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Idea For Kodak

Published : 31st August 2003


Hello everyone...

Once again, I was asked to think about using a roll of stock that was stored in a production companies freezer...It's a fairly new vision stock, but still I would love to find out when it was made. In the past, we have contacted Kodak to check out dates using the emulsion numbers, but this is a rather slow and usually unsuccessful attempt to determine age.

Wouldn't it be great if Kodak would offer a page on their website that one could access that would allow you to type in the emulsion number and check the actual production date!

This way, you could type in a series of numbers and be able to explore this without having to bother a Kodak employee and eat up long distance phone charges...

What do you think?

Cheers,
Jeff Barklage, s.o.c.
US based DP
www.barklage.com



>I was asked to think about using a roll of stock that was stored in a >production companies freezer...It's a fairly new vision stock, but…

Funny this should come up.

Just a few days ago I transferred some frozen stock I shot last year. Last year I pulled this mystery roll of film out of the deep freeze. After contacting John Pytlak and getting some emulsion #'s (thanks John), it turns out it was almost 15yrs old. And, as far as I can remember, it has been in a near ice block state - even thawed and refroze again when my fridge broke.

The stock was 7245. Before shooting with it, I shot a quick test and decided to rate it at 32ASA. The transfer looked absolutely stunning! The colourist and I were shocked at the fine detail and contrast. This was also the first time I shot with brand new Nikon SLR lenses( on an ACL), so this also had a lot to do with the image sharpness.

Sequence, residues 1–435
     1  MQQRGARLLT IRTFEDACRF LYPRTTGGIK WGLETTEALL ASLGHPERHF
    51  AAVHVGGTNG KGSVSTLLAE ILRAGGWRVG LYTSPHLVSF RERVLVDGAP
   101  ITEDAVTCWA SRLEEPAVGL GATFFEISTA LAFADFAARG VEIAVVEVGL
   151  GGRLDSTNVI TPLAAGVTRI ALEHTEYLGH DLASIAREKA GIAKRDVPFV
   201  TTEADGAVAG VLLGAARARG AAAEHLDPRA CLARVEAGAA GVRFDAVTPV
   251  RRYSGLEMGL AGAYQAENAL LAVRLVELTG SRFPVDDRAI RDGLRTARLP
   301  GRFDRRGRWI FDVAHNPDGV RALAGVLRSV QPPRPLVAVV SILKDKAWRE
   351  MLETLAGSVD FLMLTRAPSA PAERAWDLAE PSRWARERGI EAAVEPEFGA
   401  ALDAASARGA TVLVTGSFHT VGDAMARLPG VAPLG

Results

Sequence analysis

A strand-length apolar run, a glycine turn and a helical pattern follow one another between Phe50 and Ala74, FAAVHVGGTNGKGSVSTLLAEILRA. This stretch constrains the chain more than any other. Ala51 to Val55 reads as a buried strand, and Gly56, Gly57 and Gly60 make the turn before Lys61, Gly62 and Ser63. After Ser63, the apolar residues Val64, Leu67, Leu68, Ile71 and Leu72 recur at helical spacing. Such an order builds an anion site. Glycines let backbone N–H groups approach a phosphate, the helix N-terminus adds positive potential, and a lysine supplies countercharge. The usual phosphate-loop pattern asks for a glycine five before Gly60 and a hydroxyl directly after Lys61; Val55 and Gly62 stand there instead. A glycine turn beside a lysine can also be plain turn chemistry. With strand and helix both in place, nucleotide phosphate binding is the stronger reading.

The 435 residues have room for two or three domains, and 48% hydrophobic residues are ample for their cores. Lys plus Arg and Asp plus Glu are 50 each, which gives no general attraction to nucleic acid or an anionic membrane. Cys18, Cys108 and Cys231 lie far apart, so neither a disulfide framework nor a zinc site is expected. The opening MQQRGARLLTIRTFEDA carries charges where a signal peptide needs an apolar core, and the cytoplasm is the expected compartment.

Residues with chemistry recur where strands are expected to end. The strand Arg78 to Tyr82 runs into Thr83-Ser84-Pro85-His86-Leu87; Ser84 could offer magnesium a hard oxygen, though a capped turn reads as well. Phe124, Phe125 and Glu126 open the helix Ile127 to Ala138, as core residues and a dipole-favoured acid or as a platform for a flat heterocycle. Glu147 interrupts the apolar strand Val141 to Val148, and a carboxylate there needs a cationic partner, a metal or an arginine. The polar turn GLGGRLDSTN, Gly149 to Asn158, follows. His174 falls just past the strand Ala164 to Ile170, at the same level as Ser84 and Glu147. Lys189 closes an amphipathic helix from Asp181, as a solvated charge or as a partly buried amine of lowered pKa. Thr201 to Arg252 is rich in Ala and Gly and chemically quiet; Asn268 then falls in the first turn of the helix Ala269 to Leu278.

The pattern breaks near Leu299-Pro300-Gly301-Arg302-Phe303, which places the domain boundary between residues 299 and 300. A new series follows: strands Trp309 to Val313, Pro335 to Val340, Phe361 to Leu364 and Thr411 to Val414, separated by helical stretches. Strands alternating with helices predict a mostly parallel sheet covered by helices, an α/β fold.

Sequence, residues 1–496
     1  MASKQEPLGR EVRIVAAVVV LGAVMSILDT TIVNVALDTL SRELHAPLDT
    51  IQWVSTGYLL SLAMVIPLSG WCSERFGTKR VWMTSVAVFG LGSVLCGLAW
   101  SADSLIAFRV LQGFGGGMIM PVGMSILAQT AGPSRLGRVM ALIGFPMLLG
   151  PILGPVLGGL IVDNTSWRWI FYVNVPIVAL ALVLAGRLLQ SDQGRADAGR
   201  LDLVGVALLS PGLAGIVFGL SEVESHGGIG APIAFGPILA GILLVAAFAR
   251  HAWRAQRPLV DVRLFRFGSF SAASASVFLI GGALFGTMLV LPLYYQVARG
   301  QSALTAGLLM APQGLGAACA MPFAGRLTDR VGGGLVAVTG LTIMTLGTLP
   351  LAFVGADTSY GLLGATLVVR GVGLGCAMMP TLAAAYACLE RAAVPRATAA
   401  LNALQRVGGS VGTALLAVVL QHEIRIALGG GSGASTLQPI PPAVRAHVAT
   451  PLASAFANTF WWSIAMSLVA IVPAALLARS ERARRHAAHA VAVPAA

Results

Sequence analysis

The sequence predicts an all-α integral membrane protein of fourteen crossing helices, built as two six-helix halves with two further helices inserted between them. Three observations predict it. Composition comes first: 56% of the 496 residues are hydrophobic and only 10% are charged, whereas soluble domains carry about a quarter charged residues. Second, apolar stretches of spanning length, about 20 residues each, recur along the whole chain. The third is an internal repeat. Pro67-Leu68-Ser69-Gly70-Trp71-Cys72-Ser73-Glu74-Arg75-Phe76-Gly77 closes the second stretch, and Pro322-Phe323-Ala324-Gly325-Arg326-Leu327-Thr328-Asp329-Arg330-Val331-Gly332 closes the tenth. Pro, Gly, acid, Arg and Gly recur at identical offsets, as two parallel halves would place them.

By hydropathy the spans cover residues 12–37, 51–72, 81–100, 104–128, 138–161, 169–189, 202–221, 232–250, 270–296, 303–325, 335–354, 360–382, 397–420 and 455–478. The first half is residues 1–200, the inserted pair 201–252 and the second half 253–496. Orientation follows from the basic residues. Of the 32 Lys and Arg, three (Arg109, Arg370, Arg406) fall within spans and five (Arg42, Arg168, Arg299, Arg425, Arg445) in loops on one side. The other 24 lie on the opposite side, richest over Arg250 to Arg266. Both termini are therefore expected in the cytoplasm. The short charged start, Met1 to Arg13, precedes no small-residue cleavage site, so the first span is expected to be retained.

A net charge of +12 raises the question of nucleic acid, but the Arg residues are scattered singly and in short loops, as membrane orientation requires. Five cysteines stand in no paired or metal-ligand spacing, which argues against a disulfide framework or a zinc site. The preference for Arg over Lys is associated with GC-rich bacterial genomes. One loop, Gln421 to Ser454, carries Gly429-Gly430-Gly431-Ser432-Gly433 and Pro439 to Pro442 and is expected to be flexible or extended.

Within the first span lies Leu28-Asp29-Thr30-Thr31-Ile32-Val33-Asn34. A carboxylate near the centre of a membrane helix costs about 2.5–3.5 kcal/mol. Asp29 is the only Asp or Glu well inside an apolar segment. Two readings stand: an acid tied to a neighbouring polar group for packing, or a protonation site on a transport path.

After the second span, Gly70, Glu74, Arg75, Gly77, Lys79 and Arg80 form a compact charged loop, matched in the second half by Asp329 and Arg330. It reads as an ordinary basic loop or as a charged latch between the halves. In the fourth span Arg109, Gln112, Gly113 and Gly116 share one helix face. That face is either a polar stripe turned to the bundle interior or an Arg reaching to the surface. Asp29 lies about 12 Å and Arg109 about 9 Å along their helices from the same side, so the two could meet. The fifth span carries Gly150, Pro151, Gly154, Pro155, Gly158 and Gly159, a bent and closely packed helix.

Now I never give up on stock (prior to my iceman experiment, I wasted 2 full 400ft rolls of the same stuff in a AC workshop. Mind you this is for telecine only, but heh, try freezing a videotape for 15 years...and so it goes.

Dave Luxton
Cinematographer
Edmonton, AB.



Jeff Barklage wrote:

>Wouldn't it be great if Kodak would offer a page on their website [.......] to >type in the emulsion number and check the actual production date!

Like the Budweiser, 'Born on Date'. Great idea for presents in the camera department as well - a roll of stock that shares your birthday

Tom Townend
Cinematographer/London.



Tom Townend wrote:

>Great idea for presents in the camera department as well

Actually, you should be able to register with Kodak (or Fuji) and get a complimentary case of your favourite emulsion each birthday...

Right, Kodak?

Jeff Kreines



Hi,

Wouldn't it be easier if they just printed the date of manufacture on the can? I mean, smack palm into forehead and say "duh.."

Phil Rhodes
Video camera/edit
London



>Actually, you should be able to register with Kodak (or Fuji) and get a >complimentary case of your favourite emulsion each birthday...

Good news is that Kodak is embracing this idea and will cheerfully provide your favourite emulsion for your birthday.

Bad news is that you will have to coat the base yourself.

Mark Weingartner
LA for a week



>Bad news is that you will have to coat the base yourself

Oh cool! On my next birthday, I'm going to make the best avant-garde movie ever.

But in all seriousness, has anyone ever tried coating clear leader with Liquid Light photo emulsion? I fear it might come off in the gate, and it would probably have a painfully slow ASA rating, but it might look pretty darn cool.

Frazer Bradshaw
Director of Photography
San Francisco



Phil Rhodes writes :

>Wouldn't it be easier if they just printed the date of manufacture on the >can?

Duh.